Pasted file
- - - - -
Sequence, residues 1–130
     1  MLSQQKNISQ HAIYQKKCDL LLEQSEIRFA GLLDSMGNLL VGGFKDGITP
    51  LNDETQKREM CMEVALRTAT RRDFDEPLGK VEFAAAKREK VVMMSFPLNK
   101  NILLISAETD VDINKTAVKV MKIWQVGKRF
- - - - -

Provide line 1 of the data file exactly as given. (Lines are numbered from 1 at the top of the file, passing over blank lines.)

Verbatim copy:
Sequence, residues 1–130